The kukui nut comes from the kukui nut tree (aleurites moluccanus) sometimes referred to as candlenut and found in the tropics including Hawaii. The nut is round approximately 5 cm in diameter and the seed shell has a white, oily, fleshy kernel.
In ancient Hawaii the silvery glow of the Kukui Nut Tree represented light, hope, and renewal.
It was believed that a Kukui Nut Tree planted in front of the house revealed the owners spirit.
Because of its beauty and many uses the Kukui, also known as the Candlenut tree, became the state tree of Hawaii.
Kukui was believed to be one of the kino laus or physical manifestations of Lono, the Hawaiian god of agriculture and fertility. Lono appeared when abundance was ready to be harvested.
In old Hawaii Kukui nut leis were worn by the Ali’I (royalty) to honor the life-giving force of Lono and to show their social status. For them it was like wearing a lei of light providing hope, healing and protection. Hawaiians also used their Kukui seed leis as prayer beads, over time increasing their beauty by filling them with their Mana (spiritual energy).
Practical uses of the kukui nut
The kukui nut had many uses:
Because of its high oil content, the meat of the kukui nut was used for lamps and torches. Hawaiians also extracted the oil from the nut and burned it in a stone oil lamp called a kukui hele po (light, darkness goes) with a wick made of kapa cloth.
The oil in the kukui is used in Hawaiian healing or La’au Lapa’au as a purgative or laxative to cleanse and as a hair stimulant.
The kukui kernels and leaves were boiled to make a tonic used as a remedy for:headaches; fevers; and ulcers.
The oil is used for lomi lomi massage and for the skin.
The nut is also roasted and mixed with certain foods and eaten. It is called ‘inamona’. It tastes similar to macadamia nuts when prepared correctly.
The meat of the nut was chewed by inshore fishermen and spit onto the water to create a window for locating octopi and fish. This enabled the fishermen to have “clear seeing”, and to create a portal to look beyond the reflections on the surface of the water.
The kukui nut carries a range ofrich symbolism and kaona or hidden meanings:
The kukui nut was a symbol of light. It reminded the ancients of the light around the body, or the aura.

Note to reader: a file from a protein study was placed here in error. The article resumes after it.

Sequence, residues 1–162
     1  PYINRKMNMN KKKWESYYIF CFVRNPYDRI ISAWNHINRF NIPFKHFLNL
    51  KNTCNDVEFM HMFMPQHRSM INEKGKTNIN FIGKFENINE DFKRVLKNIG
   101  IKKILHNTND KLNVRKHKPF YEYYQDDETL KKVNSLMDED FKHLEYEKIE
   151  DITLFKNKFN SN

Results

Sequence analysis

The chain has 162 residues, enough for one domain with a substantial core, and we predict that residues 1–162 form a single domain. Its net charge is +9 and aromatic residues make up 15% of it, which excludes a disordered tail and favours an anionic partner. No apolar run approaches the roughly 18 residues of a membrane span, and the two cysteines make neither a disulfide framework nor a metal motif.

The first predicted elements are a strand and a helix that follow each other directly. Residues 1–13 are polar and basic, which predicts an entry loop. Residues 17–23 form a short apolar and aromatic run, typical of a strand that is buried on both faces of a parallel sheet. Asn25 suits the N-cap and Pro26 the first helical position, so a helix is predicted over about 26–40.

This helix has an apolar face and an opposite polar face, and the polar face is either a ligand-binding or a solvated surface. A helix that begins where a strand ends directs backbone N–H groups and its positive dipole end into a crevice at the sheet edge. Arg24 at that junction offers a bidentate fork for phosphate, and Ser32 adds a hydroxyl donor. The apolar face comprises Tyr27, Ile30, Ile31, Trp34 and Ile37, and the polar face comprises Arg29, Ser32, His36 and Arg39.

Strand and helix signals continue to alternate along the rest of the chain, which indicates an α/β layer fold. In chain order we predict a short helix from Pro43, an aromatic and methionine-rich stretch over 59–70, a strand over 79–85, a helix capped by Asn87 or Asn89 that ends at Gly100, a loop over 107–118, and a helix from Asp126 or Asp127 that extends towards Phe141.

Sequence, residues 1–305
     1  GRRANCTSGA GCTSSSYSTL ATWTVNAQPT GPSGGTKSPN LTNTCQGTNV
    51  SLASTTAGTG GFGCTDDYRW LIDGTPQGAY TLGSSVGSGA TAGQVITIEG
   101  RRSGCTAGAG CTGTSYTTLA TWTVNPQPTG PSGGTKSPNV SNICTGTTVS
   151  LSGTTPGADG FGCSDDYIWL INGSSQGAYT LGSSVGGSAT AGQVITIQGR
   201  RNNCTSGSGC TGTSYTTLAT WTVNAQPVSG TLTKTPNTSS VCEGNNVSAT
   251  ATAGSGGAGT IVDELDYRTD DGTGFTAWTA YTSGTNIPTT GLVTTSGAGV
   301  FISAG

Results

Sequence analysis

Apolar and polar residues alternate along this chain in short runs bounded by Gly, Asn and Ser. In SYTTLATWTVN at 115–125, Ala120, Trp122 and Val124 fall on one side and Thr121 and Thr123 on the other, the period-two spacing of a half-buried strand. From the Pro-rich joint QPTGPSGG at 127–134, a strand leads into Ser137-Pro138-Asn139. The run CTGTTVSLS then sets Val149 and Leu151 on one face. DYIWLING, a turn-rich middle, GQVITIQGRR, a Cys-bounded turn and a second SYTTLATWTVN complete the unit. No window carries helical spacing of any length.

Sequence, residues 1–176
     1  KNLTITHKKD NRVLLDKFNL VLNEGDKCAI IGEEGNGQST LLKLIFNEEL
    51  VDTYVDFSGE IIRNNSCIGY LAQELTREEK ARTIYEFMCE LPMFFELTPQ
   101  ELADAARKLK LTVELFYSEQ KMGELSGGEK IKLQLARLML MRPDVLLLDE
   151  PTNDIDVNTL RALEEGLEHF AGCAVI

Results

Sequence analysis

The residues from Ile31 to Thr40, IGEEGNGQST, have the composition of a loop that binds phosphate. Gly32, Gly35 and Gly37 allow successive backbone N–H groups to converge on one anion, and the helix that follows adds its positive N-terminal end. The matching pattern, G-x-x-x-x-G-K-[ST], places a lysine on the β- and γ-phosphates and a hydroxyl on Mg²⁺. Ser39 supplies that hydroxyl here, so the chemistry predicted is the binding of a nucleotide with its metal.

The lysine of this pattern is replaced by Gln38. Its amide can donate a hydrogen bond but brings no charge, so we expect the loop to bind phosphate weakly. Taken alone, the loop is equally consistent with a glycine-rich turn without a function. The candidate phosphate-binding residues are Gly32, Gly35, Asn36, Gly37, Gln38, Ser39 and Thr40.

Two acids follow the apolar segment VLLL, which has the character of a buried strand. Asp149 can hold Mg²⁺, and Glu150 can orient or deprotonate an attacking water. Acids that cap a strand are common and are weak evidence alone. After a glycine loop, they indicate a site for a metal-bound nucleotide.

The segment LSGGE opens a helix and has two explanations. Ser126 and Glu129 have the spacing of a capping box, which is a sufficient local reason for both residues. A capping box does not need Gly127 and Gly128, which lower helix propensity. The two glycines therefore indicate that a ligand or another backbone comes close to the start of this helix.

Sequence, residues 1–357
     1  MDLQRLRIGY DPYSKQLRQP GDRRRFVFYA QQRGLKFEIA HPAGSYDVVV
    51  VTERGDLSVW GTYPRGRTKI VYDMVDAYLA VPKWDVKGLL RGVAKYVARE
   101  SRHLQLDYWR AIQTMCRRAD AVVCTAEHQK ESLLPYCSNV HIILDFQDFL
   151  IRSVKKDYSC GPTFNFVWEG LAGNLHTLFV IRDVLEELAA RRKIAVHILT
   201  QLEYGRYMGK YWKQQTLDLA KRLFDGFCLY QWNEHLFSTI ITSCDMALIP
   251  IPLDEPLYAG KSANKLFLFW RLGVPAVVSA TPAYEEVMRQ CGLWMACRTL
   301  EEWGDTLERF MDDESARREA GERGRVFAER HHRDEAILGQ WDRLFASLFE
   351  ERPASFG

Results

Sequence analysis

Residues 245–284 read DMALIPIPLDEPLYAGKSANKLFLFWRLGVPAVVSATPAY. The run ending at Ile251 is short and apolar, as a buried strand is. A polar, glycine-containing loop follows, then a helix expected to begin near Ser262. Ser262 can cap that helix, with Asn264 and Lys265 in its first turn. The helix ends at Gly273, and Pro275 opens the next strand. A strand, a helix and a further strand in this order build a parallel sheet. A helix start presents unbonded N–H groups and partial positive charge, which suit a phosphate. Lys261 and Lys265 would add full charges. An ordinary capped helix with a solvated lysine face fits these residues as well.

In the Hawaiian language, the word kukui means ‘enlightened’. The kukui nut tree is a symbol of enlightenment, wisdom, protection and peace for the Hawaiians and said to contain subtle energy known in Hawaii as “ki”. The shell of the nut was polished and worn as a lei by nobles and royalty as a symbol of being enlightened.
One of the first properties of this tree is that it directly connects the heavens to the earth. Trees in all indigenous traditions are alchemists. The kukui nut tree converts the Love light or the ethereal (aka) substances into solid substances like wood, sugars, and fruits of the tree. The upper branches of the tree relate to sunshine kahi, the roots relate to root kahi, and the trunk related to stone kahi. This process of alchemy, conversion of substances, is the basis of life on this earth plane.
Kukui Nut Lei
Kukui nuts were used for light, navigation, medicinal, spiritual and many other purposes. Kukui nut oil provided light for the first Hawaiian torches. The oil was and still is used for massages, moisturizing the skin, and many other healing benefits. Early Hawaiians used Kukui nut candles were to keep track of time.
Kukui symbolizes inner light, hope and renewal, spirit revealing itself. The spiritual significance of the Kukui Nut Tree inspired the creation of Kukui, a Hawaiian Menehune Angel.
Other uses of the kukui nut
The Kukui with its living energies became a powerful healing tool because of its association with the love light. The kukui is a transmitter and receiver that aligns to the la’a kea (lovelight) energy level, the auric field and all resonating factors. It is a powerful amplifier for sending love and light.